Economist Mark Zandi: Windfall tax on big oil companies could backfire

“I wouldn’t be supportive,” Zandi, chief economist at Moody’s Analytics, told CNN in a phone interview. “You want energy companies to invest in increased supply and put more rigs in the ground. They do it because they can make money.”

Zandi said such a move would not be “good economics” and added that oil and gas companies do not price abuse.

Some Democrats, most recently including Senator Ron Wyden, have imposed windfall taxes on oil and gas companies to help consumers cope with record gasoline prices — though the passage of a such legislation can be an uphill battle.
Earlier this month, Bharat Ramamurti, deputy director of the National Economic Council, criticized Big Oil for taking huge profits from the Russian invasion of Ukraine, which the Biden administration has blamed for the skyrocketing gas prices.

“It’s outrageous that oil and gas companies can take advantage of this and make four times the profits they made when there was no war,” Ramamurti told CNN in a phone interview.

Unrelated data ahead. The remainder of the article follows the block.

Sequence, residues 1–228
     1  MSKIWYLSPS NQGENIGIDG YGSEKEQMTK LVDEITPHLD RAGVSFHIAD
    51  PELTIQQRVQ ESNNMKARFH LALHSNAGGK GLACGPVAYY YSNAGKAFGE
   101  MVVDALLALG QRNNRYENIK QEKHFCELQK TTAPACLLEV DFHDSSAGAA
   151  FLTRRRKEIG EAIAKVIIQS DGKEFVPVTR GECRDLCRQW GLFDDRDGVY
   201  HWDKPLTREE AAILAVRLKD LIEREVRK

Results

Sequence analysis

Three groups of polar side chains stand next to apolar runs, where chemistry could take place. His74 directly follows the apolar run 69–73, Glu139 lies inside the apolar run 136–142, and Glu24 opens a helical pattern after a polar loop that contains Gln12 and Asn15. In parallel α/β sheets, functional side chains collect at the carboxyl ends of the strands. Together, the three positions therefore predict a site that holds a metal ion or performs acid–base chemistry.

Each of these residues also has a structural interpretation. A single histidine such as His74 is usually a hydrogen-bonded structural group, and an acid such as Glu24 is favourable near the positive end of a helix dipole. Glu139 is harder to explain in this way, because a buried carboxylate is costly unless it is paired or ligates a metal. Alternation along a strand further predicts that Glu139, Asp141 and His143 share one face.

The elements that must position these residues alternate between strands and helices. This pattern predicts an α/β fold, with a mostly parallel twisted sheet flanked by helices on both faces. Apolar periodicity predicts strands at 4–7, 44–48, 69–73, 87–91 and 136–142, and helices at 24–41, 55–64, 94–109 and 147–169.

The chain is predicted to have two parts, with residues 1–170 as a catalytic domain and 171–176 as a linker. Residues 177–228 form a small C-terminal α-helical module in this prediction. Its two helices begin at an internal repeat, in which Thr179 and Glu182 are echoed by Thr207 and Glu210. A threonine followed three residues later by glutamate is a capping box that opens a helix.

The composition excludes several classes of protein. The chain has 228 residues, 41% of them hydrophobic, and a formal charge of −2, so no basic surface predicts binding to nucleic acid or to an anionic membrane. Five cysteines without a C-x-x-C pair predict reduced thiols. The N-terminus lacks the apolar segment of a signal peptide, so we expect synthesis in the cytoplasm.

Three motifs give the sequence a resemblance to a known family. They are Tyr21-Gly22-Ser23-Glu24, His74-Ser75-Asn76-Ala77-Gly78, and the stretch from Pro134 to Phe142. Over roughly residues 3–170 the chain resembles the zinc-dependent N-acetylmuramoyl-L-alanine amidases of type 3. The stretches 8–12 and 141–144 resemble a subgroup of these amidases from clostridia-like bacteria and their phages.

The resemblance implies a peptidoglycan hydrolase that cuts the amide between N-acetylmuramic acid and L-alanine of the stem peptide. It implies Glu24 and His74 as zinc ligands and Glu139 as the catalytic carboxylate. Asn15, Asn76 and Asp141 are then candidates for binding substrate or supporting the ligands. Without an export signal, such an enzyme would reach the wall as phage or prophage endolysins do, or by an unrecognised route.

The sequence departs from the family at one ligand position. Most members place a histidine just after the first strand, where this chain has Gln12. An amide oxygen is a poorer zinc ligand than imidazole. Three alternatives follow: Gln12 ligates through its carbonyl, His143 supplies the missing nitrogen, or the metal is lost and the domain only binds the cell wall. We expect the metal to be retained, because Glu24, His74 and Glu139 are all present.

“It would discourage investment, not only because energy companies would have less profit to invest, but more importantly, it would create significant uncertainty about future profitability,” Zandi told CNN. “That would make them much less likely to invest for the long term.”

Zandi, who served as an adviser during John McCain’s 2008 presidential campaign and backed Hillary Clinton in the 2016 presidential election, said he understands why frustrated politicians are looking for solutions. “Low- and middle-income Americans are being crushed by rising gas prices,” he said.

But Zandi added: “Do no harm should be the first principle.”

His criticism echoes that of former Obama economist Jason Furman, who recently told CNN’s Poppy Harlow that Democrats are “barking up the wrong tree” with some price gouging.

“If you punish companies every time they find themselves in this situation, it will prevent them from increasing their capacity in the same way,” Furman said.

Last week, Wyden, who chairs the Senate Finance Committee, imposed a 21% surtax on the excess profits of oil and gas companies that generate more than $1 billion in revenue.

“Our broken tax code works for big oil companies, not for American families,” Wyden said.

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